Thermoforming has been an excellent invention since it was first used in the 1940s. Not only does it save time and energy, but, one could argue, that it has helped the environment because the plastics that are used in thermoforming are recyclable. When determining if thermoforming is right for a project you must first understand the differences between heavy gauge thermoforming and thin gauge thermoforming.
Thermoforming itself is quite basic: heat a plastic to where it is most malleable, put it over or into a mold and then use a press or vacuum to form the malleable plastic to the mold. With thin gauge thermoforming, this is most often the case. A huge roll of thin gauge plastic or inline extrusion is heated in an oven and molded appropriately to the manufacturers specifications.
Thin Gauge Thermoforming
Most often, thin gauge plastic is used for recyclable and disposable packaging, containers, and displays. The thickness of thin gauge plastic usually stays below 1.5 millimeters in thickness, but can sometimes be as thick as 3 millimeters. Thin gauge thermoforming is the brunt of the thermoforming industry and accounts for about three quarters of the thermoforming industries sales every year. The 10 billion dollar US thermoforming market is primarily cornered by thin gauge thermoforming for the use of bottles and other food packaging. Most of the waste that is generated by thin gauge thermoforming is reused either in house, or turned into plastic flakes and resold for other uses.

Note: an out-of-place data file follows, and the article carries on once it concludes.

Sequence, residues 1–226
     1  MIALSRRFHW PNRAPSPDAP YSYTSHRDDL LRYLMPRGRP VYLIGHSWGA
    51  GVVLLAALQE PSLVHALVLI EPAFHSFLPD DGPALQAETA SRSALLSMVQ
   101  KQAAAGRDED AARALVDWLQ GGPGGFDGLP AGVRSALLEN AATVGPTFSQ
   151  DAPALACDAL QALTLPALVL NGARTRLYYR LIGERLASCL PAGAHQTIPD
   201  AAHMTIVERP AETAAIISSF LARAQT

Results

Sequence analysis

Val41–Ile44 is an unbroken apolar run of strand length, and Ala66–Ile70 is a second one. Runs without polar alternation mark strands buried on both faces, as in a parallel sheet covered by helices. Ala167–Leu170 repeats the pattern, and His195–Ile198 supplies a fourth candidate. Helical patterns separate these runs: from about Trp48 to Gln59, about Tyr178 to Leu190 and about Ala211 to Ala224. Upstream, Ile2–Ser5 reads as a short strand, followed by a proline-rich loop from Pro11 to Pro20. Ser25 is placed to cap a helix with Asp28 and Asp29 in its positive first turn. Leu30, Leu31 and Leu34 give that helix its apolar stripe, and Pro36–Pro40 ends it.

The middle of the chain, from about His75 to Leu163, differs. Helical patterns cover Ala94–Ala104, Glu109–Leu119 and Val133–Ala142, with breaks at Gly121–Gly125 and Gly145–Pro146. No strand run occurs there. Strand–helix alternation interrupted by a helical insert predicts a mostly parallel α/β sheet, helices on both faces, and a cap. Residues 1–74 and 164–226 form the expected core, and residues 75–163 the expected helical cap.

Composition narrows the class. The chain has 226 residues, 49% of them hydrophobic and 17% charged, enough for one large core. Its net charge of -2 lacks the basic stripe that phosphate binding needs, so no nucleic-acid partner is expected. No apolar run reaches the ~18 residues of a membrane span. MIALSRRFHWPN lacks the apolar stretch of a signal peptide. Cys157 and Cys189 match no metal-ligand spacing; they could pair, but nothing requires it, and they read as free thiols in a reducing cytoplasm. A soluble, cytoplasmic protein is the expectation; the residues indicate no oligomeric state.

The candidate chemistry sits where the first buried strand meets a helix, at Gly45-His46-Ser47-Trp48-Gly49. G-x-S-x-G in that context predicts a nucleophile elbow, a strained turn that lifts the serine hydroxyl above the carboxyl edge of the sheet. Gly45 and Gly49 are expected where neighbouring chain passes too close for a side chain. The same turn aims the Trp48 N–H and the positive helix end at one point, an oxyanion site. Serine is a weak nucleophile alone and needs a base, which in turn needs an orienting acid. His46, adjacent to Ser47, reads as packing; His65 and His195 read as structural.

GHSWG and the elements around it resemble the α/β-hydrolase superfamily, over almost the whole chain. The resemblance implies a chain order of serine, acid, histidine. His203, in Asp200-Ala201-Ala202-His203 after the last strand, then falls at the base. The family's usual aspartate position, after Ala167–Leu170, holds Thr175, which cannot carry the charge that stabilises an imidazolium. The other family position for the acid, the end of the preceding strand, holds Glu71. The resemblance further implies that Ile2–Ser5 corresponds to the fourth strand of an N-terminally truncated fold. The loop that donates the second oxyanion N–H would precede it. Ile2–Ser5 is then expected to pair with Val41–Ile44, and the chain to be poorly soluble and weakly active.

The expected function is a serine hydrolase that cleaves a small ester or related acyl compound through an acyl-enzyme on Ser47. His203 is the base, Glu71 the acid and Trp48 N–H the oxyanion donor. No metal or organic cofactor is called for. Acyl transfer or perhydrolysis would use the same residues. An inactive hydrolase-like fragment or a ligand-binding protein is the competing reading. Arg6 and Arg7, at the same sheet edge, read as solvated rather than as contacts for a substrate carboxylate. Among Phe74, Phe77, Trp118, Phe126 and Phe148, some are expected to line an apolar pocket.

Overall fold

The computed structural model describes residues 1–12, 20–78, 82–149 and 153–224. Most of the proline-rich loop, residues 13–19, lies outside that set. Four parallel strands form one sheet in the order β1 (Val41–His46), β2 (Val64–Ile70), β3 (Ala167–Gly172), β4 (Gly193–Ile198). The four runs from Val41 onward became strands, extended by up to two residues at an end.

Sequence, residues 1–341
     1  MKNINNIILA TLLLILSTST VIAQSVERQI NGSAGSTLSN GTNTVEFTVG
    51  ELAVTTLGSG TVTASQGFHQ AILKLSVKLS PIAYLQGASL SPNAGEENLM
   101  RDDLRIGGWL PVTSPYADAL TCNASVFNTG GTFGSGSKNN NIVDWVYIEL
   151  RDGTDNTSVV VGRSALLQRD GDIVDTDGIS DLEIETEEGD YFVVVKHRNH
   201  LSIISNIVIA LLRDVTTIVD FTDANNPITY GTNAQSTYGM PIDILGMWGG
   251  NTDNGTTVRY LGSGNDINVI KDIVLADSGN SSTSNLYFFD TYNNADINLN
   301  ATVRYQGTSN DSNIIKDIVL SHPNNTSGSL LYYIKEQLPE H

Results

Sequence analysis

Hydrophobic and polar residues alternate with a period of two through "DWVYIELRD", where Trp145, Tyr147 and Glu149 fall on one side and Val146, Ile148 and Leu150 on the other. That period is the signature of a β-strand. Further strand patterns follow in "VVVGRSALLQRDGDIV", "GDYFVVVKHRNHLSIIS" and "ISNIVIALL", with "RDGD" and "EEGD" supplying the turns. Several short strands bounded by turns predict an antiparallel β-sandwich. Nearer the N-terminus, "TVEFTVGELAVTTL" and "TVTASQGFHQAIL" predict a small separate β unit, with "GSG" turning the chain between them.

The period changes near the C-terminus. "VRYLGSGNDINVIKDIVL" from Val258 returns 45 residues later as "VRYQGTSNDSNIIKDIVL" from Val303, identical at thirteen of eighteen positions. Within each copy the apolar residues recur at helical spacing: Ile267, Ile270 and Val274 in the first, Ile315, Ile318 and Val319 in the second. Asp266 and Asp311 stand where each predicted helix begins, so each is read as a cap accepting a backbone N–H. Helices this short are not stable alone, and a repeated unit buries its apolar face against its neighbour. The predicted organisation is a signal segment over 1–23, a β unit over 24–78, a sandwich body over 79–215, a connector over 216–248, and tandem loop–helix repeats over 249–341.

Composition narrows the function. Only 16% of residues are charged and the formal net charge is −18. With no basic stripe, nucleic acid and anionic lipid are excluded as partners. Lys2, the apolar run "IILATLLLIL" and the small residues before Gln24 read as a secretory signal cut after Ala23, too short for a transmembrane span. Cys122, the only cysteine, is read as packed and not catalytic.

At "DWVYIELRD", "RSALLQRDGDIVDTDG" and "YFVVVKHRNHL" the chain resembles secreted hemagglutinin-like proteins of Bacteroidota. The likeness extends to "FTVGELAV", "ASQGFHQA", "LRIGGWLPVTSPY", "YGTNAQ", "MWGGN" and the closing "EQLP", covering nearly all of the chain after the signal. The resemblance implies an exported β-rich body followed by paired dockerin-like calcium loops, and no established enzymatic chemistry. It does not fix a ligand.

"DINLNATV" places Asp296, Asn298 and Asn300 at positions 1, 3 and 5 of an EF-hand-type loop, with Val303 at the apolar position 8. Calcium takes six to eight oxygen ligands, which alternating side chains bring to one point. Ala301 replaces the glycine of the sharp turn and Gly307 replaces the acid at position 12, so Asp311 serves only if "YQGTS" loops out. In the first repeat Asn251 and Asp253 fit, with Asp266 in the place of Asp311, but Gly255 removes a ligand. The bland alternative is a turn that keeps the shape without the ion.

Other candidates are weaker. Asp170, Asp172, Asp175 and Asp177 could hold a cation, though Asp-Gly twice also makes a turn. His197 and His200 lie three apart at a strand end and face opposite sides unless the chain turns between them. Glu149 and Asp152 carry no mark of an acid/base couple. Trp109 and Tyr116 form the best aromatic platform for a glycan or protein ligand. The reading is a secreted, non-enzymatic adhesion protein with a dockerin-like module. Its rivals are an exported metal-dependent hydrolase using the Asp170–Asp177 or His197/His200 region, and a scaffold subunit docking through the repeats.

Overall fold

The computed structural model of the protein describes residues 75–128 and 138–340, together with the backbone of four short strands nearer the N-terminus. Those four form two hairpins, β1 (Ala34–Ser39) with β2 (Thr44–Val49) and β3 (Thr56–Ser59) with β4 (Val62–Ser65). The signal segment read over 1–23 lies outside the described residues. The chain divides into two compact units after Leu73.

Heavy Gauge Thermoforming
Heavy gauge thermoforming, on the other hand, is used much less and in much more specific ways. Heavy gauge refers to plastic that is between 6.35mm and 9.35 mm. The same steps apply to most of the process but the end result for heavy gauge thermoforming is a more standalone product. Heavy gauge thermoforming is used in the automobile industry for car exteriors, in the aircraft industry for airplane windshields, in the appliance industry for shells on microwaves and refrigerators, for making plastic pallets, in World War II for machine gun turret windscreens, and in many and various other applications including structural support for kiosks, automobiles again, and in the medical field. Heavy gauge thermoforming might find one of its best uses in the medical field where sanitation and cleanliness are of utmost importance. Heavy gauge thermoforming also allows for an attractive finish to any medical device enclosure or medical tray, and since the upfront costs are much less than say metals, heavy gauge thermoforming can help save money.
The uses and possibilities with heavy gauge thermoforming are almost endless since anything thermoformed with heavy gauge plastic is able to be hand worked to fit any customers custom desires. Cutting, drilling, reshaping, and reforming a piece of heavy gauge thermoformed plastic allows for the utmost in custom fitting no matter what a company’s needs are. Although most heavy gauge thermoformed products are not easily recycled, their more permanent status in the construction of a product like a car or truck or kiosk outweighs the fact that the average consumer cannot simply throw a piece of heavy gauge thermoformed plastic in the recycling bin.
Engineering technology is also helping to refine, reduce waste, and increase efficiency in the cutting and molding of not only thin gauge thermoformed products, but also heavy gauge thermoforming. With the change to electric servos from clutches and manual cutting devices, the amount of scrap and waste has been reduced. Timing of ovens has become far more efficient to increase efficiency in between jobs, and oven technologies have made for more even and efficient heating of thermoformed sheets of plastic.